At the recent Western States Communication Association (WSCA) Conference two panels “Social Networking and Beyond: Computer Mediated Communication and Community” and “Relational Communication and Social Networks” contained interesting research on how people are using social networking. The overarching theme is that people are using social networking as a means of simultaneously forming and communicating their personal identity and relationships. I have briefly summarized some of the research and provided links for you to dig further if you are interested.
Valerie Barker from San Diego State University discussed research comparing Mixi Diary vs. Facebook. She looked at Japanese vs. American young women’s uses of these social sites. Mixi is popular in Japan like Facebook is in America. She notes that there are differences: Mixi is used primarily through mobile devices. On Mixi the network of friends is smaller with more of a sense of privacy and a closer experience than Facebook use among American young women. Motives for using the social sites include social identity gratification (bolstering a sense of belonging) and social compensation (making up for offline unhappiness).
Ahlam Muhtaseb from CSU San Bernardino shared research entitled “Mobilizing Online: The Internet, Political Involvement and Community Participation of Arab Americans” Ahlam found that from a convenience sample of 185 Arab Americans, 75% were users online users and 25% were non-users. Users showed a greater propensity for community participation, in particular political involvement with a statistically valid correlation between users and voting.
Makenzie Phillips from Boise State University researched social networking sites for surveillance in romantic relationships and found that 83% of respondents are engaging is some type of surveillance behavior. Jealousy and entitlement were predictors of surveillance behavior.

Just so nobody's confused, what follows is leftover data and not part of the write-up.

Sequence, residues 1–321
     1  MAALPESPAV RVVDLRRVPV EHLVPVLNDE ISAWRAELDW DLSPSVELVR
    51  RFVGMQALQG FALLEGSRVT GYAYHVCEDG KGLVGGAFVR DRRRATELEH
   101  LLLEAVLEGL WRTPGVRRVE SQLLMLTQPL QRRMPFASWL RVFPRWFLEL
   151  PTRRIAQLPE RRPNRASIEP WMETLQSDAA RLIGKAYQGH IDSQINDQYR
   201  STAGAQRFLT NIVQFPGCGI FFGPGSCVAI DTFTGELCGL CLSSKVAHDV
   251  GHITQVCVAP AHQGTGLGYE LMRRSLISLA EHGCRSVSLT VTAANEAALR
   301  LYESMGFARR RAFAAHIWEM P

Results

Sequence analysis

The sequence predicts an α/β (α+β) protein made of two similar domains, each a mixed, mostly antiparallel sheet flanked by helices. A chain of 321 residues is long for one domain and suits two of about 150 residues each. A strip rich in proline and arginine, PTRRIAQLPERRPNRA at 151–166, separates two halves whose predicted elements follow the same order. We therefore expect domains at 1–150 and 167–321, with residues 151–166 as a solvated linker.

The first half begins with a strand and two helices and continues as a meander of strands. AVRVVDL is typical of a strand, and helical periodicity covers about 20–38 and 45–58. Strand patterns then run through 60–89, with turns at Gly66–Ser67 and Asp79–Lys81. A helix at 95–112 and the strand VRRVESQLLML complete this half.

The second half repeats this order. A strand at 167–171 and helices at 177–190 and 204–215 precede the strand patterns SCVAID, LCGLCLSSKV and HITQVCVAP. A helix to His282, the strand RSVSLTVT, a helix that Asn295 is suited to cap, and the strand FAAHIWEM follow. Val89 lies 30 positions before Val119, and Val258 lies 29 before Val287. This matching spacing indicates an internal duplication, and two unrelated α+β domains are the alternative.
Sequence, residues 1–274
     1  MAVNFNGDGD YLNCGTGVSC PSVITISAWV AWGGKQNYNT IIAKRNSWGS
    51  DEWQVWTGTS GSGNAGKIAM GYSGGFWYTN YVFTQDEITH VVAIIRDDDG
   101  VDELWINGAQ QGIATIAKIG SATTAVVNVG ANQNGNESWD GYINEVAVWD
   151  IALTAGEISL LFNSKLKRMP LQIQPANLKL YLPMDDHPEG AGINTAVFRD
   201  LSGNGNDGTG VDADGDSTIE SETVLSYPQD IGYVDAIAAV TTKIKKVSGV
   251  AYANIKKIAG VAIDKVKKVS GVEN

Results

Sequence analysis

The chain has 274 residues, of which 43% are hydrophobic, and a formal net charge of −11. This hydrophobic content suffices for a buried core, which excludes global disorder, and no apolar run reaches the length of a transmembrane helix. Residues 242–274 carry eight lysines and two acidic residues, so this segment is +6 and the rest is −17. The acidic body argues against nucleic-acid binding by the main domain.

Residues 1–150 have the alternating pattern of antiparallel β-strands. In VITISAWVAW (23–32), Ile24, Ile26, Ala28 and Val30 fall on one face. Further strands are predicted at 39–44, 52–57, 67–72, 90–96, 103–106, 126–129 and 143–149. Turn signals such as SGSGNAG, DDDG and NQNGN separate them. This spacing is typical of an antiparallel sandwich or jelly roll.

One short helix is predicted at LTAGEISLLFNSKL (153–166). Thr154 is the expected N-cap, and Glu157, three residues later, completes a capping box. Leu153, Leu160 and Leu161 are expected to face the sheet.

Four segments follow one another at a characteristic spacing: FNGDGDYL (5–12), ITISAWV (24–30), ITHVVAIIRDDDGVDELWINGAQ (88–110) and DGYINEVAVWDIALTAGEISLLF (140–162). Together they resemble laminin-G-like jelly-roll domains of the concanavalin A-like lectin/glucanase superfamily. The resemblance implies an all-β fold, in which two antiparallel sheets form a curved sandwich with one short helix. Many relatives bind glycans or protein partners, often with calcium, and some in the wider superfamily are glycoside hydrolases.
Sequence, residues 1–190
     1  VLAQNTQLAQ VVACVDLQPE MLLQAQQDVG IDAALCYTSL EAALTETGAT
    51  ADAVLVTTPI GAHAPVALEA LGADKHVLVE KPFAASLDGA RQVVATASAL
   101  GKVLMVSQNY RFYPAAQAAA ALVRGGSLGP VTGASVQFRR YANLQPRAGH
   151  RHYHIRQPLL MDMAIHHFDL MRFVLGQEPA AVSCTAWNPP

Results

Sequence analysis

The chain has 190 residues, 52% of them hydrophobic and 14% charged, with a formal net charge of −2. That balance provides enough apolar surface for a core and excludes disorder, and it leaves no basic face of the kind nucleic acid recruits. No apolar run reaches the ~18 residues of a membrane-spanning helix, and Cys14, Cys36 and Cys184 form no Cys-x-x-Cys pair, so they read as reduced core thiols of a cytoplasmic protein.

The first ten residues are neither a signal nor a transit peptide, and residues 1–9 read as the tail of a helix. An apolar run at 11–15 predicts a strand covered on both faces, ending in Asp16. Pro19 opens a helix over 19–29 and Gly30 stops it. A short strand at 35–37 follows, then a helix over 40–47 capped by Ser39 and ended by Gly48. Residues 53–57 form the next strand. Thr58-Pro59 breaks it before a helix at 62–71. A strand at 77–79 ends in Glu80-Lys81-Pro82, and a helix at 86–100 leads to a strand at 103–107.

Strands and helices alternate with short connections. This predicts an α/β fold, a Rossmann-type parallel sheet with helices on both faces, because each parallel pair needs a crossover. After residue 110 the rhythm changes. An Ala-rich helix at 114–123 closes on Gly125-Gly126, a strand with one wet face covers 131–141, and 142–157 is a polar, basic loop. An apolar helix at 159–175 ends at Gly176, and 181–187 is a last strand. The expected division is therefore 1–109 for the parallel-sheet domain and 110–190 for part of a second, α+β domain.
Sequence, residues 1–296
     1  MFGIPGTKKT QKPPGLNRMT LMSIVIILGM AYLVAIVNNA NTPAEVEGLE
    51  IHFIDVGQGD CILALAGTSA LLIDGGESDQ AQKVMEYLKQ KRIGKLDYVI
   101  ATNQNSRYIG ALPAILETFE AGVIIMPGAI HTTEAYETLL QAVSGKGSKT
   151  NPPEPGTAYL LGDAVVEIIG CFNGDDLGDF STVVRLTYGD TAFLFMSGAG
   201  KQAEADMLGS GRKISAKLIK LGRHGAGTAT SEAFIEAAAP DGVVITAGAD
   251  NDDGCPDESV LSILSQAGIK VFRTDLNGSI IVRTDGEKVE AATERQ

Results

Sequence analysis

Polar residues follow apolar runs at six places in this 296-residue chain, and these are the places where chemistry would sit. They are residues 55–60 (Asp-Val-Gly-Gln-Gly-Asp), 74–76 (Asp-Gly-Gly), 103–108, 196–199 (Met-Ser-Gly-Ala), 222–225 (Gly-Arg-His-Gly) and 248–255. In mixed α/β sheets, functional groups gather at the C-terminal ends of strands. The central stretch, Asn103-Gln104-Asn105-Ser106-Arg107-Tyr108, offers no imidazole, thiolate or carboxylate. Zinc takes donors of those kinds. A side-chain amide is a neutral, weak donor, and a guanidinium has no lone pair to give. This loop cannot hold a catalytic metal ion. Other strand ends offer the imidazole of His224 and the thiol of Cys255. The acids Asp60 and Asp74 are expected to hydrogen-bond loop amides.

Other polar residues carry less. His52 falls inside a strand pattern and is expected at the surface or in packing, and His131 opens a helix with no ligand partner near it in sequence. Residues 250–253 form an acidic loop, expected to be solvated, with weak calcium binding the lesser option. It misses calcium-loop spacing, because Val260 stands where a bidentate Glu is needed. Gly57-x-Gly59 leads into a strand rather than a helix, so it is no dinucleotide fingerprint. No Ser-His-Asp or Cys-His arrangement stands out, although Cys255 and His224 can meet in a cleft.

Karen Lollar from Metropolitan State College of Denver has been tracking Denver neighborhood's use of social sites, such as Neighborhood Link for the past 10 years and shared how neighbors are interacting differently online. She has discovered that most online topics match what neighbors discuss face-to-face, such as pets and local civic issues.
Erin Koppel from University of Arizona looked at 2008 Pew Internet data on social networking use to determine if relationship initiation and relationship maintenance was related to age and found only a negative correlation between age and relationship management online. She noted that this counter-intuitive result could be because of the nature of relationships that exist on the site.
Lynne Webb (and others) from University of Arkansas researched how ethnicity was enacted on Facebook and found that of the 488 open profiles they studied, 29% showed some ethnicity, primarily through quotations or applications. Webb noted that Facebook does not give space in the profile set up for people to share anything about their ethnicity.
There is such a wealth of information to be studied as social network sites become a pervasive form of communication around the world. Delving into how communication remains the same and changes as the medium changes will be of great research interest in the coming years.